As we all know, every state is required to have a list of standards students at each grade level need to master. It is the district’s responsibility to make sure that every child masters these standards by the end of the school year. In order to ensure this goal is achieved, most districts provide pacing guides to teachers in order to keep both teachers and students on pace to master all standards by the end of the year. These pacing guides identify which standards are supposed to be taught at what point during the year. The benchmark assessments are then created based on the district pacing guide.

The ideal benchmark assessment should be between 35-50 items long and have no more than five items on one specific standard. Using the standards taught during the first half of the year can provide both a reliable predictor of students’ progress towards mastery of the state standards and a valid summative assessment for what students were taught in the classroom. The question then becomes how do teachers take the results of these benchmark assessments and translate them into grades?

The answer to this question depends on the district’s philosophy for grading. The easiest and most straight forward is the use of a standards-based grading system. This method of grading provides information as to whether a student has mastered a standard or skill or where he or she is at in developing the skill. Information on this can be obtained using the Galileo Intervention Report.

It becomes slightly more complicated using a traditional method of grading. The one thing to keep in mind is that in order to provide accurate ability estimates for students at all ranges of ability, it is important that there is a range of difficulties on the items and that even the student at the highest academic levels is challenged. As a result, the raw scores themselves cannot be depended upon to represent the level of growth and success students have actually demonstrated. One example is an assessment where the average raw score percentage was 46 percent, yet students demonstrated an average growth of 20 points on their Developmental Level scores. Teachers and districts can easily keep these facts in mind and make the appropriate alterations in the grading scale when actually assigning traditional grades.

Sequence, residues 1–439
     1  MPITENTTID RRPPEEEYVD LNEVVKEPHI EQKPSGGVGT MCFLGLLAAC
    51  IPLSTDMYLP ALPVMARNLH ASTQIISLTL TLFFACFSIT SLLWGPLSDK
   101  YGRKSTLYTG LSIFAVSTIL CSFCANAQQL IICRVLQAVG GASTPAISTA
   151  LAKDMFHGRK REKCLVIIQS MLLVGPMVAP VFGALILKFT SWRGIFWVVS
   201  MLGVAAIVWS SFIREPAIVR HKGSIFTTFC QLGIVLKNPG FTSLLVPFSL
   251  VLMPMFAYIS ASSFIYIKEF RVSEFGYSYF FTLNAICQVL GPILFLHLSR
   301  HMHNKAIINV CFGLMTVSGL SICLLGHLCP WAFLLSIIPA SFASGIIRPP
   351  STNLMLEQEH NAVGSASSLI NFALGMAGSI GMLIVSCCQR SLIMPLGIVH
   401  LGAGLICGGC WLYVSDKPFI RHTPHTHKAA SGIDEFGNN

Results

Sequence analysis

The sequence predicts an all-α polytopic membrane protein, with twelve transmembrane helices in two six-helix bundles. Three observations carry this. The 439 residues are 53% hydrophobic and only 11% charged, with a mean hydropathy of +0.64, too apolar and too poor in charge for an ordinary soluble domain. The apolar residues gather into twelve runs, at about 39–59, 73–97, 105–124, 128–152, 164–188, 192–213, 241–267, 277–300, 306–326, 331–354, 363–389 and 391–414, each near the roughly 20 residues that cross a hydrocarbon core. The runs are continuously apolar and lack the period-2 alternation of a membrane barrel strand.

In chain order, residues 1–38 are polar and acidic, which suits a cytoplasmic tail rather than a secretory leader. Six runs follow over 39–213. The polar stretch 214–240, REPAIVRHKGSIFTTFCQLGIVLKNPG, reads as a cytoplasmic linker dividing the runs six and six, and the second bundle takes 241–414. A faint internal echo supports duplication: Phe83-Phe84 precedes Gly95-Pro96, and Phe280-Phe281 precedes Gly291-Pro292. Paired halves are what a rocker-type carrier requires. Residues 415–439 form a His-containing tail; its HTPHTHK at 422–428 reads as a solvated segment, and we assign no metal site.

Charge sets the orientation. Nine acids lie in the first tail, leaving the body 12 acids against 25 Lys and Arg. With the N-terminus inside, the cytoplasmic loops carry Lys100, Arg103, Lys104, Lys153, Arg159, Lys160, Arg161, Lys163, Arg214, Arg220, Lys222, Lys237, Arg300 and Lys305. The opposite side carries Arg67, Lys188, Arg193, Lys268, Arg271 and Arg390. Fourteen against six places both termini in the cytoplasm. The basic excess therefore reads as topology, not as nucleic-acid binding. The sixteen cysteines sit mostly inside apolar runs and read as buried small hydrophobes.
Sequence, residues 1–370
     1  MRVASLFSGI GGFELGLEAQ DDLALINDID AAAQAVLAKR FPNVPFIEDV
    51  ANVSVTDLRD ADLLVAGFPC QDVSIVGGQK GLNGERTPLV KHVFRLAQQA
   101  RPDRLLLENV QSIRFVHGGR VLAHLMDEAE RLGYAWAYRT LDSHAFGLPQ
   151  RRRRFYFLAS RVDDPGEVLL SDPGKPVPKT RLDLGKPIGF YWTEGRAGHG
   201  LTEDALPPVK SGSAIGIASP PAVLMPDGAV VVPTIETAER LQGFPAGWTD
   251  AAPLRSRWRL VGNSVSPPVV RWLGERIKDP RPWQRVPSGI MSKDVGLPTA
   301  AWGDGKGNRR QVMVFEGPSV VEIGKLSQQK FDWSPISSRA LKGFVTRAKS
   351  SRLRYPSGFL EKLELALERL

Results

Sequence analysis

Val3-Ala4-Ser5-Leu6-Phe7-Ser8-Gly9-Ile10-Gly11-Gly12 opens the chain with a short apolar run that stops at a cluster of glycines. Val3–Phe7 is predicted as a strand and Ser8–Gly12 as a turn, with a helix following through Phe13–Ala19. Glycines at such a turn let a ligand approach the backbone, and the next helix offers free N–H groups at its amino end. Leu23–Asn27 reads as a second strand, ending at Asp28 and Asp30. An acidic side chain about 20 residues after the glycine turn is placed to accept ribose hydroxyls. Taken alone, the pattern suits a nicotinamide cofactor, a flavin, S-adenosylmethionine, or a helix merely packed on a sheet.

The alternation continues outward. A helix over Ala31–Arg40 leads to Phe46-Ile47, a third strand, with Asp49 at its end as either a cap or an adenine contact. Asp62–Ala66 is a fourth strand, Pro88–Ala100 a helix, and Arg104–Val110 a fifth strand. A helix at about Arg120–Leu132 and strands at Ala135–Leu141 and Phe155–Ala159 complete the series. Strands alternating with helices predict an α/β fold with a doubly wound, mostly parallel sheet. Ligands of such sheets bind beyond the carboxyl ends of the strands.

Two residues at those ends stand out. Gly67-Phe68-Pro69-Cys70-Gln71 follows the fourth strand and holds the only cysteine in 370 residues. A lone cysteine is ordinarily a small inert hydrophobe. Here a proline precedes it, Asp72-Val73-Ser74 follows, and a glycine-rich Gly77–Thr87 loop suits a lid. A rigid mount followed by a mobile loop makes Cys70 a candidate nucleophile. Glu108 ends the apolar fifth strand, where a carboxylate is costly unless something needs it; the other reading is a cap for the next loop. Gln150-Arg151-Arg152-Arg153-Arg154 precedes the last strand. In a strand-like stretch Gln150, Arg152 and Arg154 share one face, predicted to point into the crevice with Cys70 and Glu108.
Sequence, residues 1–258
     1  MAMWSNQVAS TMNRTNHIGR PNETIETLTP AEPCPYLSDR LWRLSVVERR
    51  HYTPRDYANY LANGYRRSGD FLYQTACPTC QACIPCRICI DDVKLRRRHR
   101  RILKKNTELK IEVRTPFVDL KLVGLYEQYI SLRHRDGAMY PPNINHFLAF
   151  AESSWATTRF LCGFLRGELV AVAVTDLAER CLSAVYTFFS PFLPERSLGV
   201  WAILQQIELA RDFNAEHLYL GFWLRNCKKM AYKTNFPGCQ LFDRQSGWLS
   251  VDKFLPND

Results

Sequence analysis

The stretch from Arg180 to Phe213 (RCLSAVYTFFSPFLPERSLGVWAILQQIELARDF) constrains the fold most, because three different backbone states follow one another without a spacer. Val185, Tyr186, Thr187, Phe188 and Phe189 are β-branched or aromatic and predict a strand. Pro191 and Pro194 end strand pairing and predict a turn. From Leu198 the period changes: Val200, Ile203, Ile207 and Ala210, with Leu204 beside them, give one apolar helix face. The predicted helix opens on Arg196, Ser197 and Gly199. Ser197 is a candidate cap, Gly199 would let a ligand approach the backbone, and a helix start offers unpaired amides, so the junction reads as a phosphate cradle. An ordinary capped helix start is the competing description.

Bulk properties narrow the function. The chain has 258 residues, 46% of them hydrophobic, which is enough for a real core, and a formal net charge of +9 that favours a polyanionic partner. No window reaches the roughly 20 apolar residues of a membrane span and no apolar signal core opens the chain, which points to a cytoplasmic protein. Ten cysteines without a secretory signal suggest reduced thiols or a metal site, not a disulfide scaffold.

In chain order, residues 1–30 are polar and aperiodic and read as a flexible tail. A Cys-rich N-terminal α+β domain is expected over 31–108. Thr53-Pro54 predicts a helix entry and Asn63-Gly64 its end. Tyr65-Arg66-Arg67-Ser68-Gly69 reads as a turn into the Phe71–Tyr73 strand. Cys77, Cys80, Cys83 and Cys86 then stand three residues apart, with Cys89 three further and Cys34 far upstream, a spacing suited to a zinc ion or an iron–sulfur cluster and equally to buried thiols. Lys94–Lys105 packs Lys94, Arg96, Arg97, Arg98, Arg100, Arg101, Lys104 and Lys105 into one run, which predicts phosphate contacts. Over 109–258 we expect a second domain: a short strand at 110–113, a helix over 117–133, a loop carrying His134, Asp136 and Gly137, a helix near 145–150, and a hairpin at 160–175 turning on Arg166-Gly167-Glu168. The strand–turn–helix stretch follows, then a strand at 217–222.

Karyn White, M.A.
Educational Management Services Director

Monday, August 1, 2011

Computerized Adaptive Testing Pilot

Increase measurement precision this fall by piloting Computerized Adaptive Testing (CAT) - a form of assessment in which administered items are selected based on the ability levels of the students. Initial item selection is typically based on the assumption that the test taker is of average ability; subsequently selected items are based on ability estimates obtained from preceding responses. This approach optimizes precision by increasing the selection of items that are neither too easy nor too difficult.

The Galileo Computerized Adaptive Testing Pilot is an integral part of ATI’s next generation comprehensive assessment system. Engineered by ATI’s Research and Development and Assessment and Instructional Design teams, Galileo Computerized Adaptive Testing and the entire comprehensive assessment system are completely integrated into ATI’s Galileo K-12 Online Instructional Improvement System.

Integration within Galileo ensures that educators, administrators, and specialists have easy and rapid access to the full range of innovative assessment, reporting, curriculum, and measurement tools provided all within one system. ATI’s comprehensive assessment system is part of our ongoing commitment to “think ahead” so that school districts and charter schools can continuously build their own capacity to lead change in ways that enhance the quality and impact of education on our nation’s children and youth.

ATI's approach to Computerized Adaptive Testing is explored in greater depth in Composition of a Comprehensive Assessment System.